- submit the technical report as part of the submission process (see double-blind submission requirements); and
- reference the technical report in the submitted paper, stating that it is available upon request from the track chair.
After the paper is accepted:
- make the technical report (with author names and affiliations) available on an open-access repository, such as your institution repository (if available), arXiv, or other similar long-term repositories; and
- reference the technical report in the camera-ready paper, giving a URL and a tech report number, so that readers know where to obtain it.
Note that the additional material in the technical report will not be published in the proceedings, and will only be read at the reviewers’ discretion. Remember that reviewers must evaluate your paper and not the technical report. If the reviewers think the paper contains insufficient material to be published, then the paper may be rejected, regardless of the contents of the technical report. Reviewers are not obliged to read material in a technical report, so it may or may not be examined, even if the paper is accepted.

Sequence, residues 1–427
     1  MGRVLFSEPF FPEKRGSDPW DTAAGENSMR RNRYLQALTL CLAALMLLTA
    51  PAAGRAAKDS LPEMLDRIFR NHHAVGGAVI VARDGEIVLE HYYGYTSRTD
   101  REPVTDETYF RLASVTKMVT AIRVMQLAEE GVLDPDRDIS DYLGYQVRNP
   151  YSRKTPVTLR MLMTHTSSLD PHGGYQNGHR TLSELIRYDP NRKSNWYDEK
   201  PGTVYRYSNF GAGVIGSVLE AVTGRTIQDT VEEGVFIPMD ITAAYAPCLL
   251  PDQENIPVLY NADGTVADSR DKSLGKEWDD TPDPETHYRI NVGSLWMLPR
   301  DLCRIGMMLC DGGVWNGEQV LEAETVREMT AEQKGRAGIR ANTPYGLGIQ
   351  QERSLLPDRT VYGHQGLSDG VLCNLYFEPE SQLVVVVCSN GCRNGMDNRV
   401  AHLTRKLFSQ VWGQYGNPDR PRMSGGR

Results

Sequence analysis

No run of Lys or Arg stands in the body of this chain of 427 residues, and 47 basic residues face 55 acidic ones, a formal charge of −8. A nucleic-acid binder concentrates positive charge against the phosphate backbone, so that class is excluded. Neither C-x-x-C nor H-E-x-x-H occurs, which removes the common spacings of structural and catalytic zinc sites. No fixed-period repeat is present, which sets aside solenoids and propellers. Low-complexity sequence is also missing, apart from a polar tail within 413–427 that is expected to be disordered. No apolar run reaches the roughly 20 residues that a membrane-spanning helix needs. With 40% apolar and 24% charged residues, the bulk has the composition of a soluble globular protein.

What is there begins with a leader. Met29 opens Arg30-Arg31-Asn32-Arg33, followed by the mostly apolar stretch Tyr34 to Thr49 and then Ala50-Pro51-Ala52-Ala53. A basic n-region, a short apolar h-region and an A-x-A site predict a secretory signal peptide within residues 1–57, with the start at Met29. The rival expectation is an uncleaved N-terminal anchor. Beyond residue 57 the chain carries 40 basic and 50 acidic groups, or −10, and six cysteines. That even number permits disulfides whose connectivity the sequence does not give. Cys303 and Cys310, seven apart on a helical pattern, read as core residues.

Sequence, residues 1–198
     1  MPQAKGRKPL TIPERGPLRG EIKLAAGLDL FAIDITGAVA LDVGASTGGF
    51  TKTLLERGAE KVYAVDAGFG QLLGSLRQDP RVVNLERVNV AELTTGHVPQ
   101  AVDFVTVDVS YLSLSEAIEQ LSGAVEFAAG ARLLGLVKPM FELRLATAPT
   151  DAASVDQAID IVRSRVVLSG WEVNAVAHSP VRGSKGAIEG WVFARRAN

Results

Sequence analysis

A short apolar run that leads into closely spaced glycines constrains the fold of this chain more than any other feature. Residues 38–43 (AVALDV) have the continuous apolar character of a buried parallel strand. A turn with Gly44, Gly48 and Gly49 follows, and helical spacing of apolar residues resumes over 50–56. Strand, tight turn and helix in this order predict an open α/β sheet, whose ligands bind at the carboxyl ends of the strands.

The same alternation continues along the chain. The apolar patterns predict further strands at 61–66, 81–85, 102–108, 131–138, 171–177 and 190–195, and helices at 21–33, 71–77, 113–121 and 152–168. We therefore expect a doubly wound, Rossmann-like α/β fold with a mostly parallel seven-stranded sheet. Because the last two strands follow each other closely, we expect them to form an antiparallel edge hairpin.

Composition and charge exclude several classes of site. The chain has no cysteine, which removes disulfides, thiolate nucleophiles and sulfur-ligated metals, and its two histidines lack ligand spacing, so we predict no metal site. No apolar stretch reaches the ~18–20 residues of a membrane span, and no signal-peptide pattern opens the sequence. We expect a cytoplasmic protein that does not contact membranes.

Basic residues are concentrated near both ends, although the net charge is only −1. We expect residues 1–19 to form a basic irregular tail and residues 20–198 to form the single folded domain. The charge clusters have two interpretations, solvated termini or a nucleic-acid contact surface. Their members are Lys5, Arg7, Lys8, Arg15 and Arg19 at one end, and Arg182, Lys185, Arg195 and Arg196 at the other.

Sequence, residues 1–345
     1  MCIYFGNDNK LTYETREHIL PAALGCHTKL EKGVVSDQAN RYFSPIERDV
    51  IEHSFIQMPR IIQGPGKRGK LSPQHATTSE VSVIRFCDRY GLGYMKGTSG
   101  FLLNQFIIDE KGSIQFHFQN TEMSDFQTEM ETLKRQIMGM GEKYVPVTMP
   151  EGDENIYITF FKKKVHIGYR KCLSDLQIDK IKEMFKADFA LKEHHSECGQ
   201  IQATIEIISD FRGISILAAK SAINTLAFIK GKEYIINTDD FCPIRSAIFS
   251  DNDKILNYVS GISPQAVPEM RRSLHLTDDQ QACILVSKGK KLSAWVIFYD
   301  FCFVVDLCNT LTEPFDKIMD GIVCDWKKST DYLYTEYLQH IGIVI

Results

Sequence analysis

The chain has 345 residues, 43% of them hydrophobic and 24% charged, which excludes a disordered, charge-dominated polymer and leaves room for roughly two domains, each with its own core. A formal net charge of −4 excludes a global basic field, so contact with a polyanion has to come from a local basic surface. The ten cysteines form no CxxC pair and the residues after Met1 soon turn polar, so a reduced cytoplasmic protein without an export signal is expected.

Originality: How do I convince the reviewers that my work is actually new?
The paper should clearly state the research problem, together with information about the key contributions. A good example of this is to have a clear explanation of the problem in the introduction, together with a well-balanced positioning of why this problem has not been completely solved before. A poor example is to just describe an implementation without saying anything about why this implementation exists or which problem it actually tries to solve. Without this information, the reviewers are left guessing what the actual problem is, which may lead to significant misunderstandings.
You should aim to clearly explain the relationship between your work and the existing state-of-the-art in terms of related work. Make clear where you have built on existing results and the key differences between the proposed approach and those that have been published previously, including prior work of your own. Also consider adding a short paragraph in the conclusions where you briefly summarize the main innovative technical contributions of the paper.
As well as explaining the advantages of your new approach with respect to the state-of-the-art, also give a balanced view of its disadvantages. This is generally well appreciated by reviewers, and preferable to leaving it to the reviewers to point out any shortcomings.